The Asociación de Clubs de Baloncesto (ACB), in which Real and Barca compete, is basically the biggest domestic league in Europe, so, depending on his team preference, this is where Rudy would go if and when he returns to Europe. He gained stardom with Joventut Badalona prior to coming to the NBA. Baladona is a pretty big club with a rich history, but as in anything else Real and Barca have dominated that league for the most part. The ACB has been around since the 1956-57 season, and Baladona's four championships are third most, but the two monsters have won 46 of the 56 championships. Real owns 30 of those, but Barca and Baskonia have dominated the past four seasons, splitting the titles and making seven of the eight finals appearances. As the Mundo Deportivo article notes, bringing Rudy back could make Real a player again in a league they've long dominated.
Fernandez's background in Spain wouldn't seem to suggest that Madrid would be his ideal home, though it's obviously a lot better than Portland or Dallas. He was born and still has a home in Mallorca in the Balearic Islands about 100 miles south of Barcelona. Baladona is just outside of Barcelona, and the climates and lifestyles in all three of those areas is quite a bit different from Madrid, for whatever that's worth.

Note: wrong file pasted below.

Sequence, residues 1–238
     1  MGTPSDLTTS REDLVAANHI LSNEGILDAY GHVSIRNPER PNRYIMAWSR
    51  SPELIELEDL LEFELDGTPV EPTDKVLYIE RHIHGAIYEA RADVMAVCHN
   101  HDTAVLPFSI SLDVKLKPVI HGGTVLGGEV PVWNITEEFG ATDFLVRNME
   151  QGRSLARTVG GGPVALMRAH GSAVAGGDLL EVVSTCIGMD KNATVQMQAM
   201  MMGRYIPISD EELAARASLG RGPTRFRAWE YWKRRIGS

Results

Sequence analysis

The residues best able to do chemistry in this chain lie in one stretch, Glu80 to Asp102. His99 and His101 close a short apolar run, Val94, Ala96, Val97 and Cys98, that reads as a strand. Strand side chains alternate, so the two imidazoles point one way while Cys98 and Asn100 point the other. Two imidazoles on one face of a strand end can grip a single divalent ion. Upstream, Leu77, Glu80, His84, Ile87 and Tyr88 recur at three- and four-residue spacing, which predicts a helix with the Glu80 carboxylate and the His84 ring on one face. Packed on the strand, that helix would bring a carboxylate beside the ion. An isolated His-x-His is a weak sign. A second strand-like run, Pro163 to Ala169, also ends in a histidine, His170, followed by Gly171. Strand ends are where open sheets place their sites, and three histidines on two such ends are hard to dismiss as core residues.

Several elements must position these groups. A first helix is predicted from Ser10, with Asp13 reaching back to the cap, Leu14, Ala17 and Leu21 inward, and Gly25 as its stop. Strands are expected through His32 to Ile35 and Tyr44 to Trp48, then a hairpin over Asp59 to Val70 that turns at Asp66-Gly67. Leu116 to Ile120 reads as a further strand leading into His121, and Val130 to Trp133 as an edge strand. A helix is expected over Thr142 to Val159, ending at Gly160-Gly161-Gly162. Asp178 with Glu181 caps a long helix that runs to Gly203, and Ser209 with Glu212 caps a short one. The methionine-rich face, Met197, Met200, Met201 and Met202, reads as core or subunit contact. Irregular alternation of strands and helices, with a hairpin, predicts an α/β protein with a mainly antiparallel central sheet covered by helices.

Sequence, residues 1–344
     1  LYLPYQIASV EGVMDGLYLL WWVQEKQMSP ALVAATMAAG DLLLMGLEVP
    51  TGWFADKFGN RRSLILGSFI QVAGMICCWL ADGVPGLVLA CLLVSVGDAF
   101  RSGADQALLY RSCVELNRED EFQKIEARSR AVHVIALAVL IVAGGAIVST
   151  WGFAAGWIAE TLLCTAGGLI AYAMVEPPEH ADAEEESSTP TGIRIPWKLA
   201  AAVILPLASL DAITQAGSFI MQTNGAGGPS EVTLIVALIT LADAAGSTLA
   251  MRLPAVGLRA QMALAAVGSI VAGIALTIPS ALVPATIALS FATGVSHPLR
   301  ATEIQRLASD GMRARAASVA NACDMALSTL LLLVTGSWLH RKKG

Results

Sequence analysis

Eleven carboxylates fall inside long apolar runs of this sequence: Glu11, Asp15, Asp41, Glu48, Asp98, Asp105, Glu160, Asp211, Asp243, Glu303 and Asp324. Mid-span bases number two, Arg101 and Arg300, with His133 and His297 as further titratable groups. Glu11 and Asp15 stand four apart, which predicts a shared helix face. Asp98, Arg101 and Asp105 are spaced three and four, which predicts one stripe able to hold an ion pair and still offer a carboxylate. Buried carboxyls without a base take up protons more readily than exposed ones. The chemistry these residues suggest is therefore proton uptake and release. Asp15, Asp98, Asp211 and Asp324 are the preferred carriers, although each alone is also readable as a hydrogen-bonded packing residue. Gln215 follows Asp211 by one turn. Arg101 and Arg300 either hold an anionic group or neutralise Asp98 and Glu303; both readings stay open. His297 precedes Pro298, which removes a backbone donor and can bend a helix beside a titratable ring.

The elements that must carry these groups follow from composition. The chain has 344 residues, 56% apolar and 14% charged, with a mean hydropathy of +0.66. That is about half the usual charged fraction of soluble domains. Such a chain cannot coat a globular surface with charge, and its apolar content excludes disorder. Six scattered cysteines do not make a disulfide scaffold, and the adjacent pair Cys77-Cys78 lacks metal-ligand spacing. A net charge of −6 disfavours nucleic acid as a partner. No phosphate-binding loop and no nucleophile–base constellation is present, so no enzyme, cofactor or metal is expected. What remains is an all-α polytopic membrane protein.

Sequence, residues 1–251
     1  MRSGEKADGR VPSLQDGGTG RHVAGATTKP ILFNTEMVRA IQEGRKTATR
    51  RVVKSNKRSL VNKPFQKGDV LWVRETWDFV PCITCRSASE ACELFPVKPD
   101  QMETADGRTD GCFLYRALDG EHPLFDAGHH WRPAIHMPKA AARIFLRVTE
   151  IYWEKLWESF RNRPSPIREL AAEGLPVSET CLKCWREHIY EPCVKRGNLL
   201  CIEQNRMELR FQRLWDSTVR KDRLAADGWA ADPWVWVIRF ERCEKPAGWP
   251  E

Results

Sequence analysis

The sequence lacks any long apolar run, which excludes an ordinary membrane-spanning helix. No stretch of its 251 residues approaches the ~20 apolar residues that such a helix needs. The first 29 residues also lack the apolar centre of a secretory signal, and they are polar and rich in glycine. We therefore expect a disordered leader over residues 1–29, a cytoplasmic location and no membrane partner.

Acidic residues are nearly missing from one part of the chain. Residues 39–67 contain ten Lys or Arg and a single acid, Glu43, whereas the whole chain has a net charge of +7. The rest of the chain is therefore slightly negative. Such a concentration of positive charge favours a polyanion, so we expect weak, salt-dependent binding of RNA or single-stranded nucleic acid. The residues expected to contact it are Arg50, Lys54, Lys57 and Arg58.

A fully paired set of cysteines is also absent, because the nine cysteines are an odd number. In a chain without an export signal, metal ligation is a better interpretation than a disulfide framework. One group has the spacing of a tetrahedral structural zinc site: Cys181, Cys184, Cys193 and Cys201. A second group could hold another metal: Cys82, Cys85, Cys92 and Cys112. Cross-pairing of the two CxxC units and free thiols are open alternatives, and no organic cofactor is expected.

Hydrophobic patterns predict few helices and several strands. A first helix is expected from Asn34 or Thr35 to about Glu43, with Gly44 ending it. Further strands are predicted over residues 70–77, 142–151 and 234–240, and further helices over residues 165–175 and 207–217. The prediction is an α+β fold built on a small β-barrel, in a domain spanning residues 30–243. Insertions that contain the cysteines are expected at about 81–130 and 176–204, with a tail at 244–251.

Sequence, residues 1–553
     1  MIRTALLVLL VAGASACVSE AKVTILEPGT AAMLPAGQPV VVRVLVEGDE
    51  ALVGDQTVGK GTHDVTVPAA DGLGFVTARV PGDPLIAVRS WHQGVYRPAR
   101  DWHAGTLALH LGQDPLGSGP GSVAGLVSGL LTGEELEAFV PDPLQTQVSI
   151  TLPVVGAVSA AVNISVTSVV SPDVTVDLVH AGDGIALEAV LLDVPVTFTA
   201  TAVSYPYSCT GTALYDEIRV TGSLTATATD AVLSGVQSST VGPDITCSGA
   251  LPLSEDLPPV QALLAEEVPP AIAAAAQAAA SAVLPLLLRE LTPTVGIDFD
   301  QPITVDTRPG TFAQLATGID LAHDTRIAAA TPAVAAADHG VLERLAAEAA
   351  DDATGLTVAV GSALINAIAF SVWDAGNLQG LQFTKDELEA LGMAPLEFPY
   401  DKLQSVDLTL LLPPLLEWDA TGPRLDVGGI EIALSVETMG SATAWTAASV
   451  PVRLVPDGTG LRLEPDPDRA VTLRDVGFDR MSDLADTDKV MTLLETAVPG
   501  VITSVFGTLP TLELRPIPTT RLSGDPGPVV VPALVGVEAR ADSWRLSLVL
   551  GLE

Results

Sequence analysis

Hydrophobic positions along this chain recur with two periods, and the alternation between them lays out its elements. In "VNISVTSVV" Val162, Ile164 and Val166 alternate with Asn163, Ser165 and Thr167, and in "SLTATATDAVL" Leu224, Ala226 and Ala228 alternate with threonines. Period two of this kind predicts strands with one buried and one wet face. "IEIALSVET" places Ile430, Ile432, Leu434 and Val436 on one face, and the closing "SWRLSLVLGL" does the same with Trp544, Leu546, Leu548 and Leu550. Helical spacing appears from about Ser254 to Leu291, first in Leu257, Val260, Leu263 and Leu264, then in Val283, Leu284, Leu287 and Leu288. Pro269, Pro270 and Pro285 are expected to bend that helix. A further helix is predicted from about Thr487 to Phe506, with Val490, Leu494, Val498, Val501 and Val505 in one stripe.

The particularly smart thing about this offer from Real is that Rudy is likely to play in Spain this fall anyway, since the NBA does not figure to play its first 32 games if it plays any next season. The Mavericks will be unable to reassure him of their intentions because of lockout restrictions, so whatever conversation(s) Rudy and Donnie Nelson had about a week ago may be the only influence the Mavericks can exert. Since the money likely won't be that different one way or the other, this will boil down to just how much ambition Rudy has and how badly he wants to try to show that he is one of the best players in the world before he returns to the comforts of home.
At Media Day prior to the 2010-11 season in Portland, he sounded as if that decision would be very simple. He had every intention of returning home after the 11-12 season. He was homesick, he didn't like his role, and the NBA was too violent for his taste. Something changed over the course of this season, though, and though his numbers hit rock bottom and he was no factor in the Blazers' first round loss to the Mavericks, by his exit interview he appeared to be downright pleased with things. The most likely answers were that Portland had a good season and that his coach let him take more of an on-the-ball role - both things that the Mavericks say he can expect more of in Dallas, and he seemed borderline giddy about being traded to Dallas. Note the change in disposition:
While Rudy leaving after 2012 wouldn't be the end of the world for the Mavericks, and while we really don't even know if he'll turn into a better player in this different dynamic, Donnie Nelson has a strong track record with this kind of evaluation and has liked the player for years. Mavericks fans will have to hope that he gives himself an option to stay in the NBA after 2012, even with his home clubs pushing to ensure his imminent and fairly permanent return.